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What if, with one injection, doctors could turn off the molecular switch that triggers the death of the eye's photoreceptors – those neuron cells in the retina that enable vision by processing and transmitting visual information to the brain?
"It would significantly improve the lives of patients with conditions such as retinitis pigmentosa, glaucoma and age-related macular degeneration," says Dr. Philippe Monnier, a senior scientist at the Krembil Research Institute.
"Eye diseases dramatically impact quality of life, and the older you get, the higher your chances of developing an eye disease such as glaucoma."
More than a decade ago, Dr. Monnier led a research team that made an intriguing discovery: when the eye's photoreceptor cells are stressed – usually because of a malfunction caused by an injury or a gene mutation – proteins known as neogenins activate a pathway that leads to the death of these cells.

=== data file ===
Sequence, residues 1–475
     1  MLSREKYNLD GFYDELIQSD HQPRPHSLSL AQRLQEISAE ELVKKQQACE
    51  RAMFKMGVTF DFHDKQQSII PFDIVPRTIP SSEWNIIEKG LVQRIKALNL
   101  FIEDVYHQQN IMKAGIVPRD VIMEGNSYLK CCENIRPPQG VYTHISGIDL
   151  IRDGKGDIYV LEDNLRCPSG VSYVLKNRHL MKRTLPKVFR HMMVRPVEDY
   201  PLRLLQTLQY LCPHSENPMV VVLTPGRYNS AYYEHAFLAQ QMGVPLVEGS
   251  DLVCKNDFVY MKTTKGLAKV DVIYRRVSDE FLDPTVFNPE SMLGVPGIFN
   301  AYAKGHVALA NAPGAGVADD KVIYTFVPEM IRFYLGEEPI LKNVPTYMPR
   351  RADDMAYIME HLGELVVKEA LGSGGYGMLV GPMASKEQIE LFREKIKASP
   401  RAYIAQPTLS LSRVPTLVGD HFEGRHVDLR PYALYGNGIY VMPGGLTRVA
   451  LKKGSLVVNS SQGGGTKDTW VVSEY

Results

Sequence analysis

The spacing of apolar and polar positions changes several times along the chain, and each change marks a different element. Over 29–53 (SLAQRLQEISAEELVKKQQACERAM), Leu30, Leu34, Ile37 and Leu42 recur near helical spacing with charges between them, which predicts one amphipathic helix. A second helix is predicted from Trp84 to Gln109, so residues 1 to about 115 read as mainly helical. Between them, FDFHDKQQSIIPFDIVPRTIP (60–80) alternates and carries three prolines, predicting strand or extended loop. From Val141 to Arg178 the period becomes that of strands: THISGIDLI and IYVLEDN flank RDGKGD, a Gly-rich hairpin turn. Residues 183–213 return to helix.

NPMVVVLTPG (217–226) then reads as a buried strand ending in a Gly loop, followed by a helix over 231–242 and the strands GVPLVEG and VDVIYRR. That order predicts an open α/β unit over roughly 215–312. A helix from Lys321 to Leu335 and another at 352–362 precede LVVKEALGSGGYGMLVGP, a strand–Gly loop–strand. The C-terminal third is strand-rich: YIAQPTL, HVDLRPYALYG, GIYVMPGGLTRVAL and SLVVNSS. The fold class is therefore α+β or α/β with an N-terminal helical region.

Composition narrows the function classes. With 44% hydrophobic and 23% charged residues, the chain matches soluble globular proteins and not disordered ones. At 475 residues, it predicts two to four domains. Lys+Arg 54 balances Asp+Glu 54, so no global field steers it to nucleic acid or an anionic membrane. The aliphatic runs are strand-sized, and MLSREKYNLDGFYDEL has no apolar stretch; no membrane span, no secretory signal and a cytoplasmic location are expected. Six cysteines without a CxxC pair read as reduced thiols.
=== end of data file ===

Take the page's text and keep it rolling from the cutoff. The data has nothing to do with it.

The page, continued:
"These are proteins that will tell your eye how to connect with the brain, and dictate where to establish and stop the connection," explains Dr. Monnier. "What we discovered was a higher presence of neogenin in diseased photoreceptor cells, and we believe that these neogenin proteins are basically telling the cells, 'No, you cannot regenerate – you're going to die.' "
Today, Dr. Monnier and his team of researchers at Krembil are working on a therapy that they hope can stop neogenin proteins from activating photoreceptor cell death.
The Krembil Research Institute and the Globe and Mail have teamed up for a special content project designed to highlight the tremendous accomplishments of our scientists and research programs at Krembil. The first of three magazines in this series looked at the brain and spine program and was released in the spring. A second magazine highlighting the vision program is now available online and a the third in the series will explore the arthritis program later this year.